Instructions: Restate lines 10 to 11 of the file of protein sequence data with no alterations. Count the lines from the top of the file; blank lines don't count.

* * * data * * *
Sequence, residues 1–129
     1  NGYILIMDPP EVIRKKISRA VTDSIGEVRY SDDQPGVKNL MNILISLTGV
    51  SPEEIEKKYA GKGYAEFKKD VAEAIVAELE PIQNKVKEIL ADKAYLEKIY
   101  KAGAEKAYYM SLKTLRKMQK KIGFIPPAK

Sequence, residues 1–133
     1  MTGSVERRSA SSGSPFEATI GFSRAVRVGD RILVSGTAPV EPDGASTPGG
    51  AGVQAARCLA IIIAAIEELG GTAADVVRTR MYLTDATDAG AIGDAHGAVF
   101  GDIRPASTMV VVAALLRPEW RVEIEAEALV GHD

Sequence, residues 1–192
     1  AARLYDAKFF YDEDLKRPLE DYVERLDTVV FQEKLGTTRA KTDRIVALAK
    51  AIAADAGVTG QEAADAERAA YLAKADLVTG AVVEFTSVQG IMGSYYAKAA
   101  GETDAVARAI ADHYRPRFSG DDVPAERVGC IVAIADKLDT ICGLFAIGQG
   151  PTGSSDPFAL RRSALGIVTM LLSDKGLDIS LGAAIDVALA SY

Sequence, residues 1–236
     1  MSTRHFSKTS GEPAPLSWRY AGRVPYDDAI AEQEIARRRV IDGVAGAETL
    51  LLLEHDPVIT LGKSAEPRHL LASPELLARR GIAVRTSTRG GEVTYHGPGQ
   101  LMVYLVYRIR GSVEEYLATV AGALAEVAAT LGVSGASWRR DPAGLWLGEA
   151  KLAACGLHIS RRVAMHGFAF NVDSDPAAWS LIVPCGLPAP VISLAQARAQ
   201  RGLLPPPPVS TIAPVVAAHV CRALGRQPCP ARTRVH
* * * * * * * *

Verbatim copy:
     1  AARLYDAKFF YDEDLKRPLE DYVERLDTVV FQEKLGTTRA KTDRIVALAK
    51  AIAADAGVTG QEAADAERAA YLAKADLVTG AVVEFTSVQG IMGSYYAKAA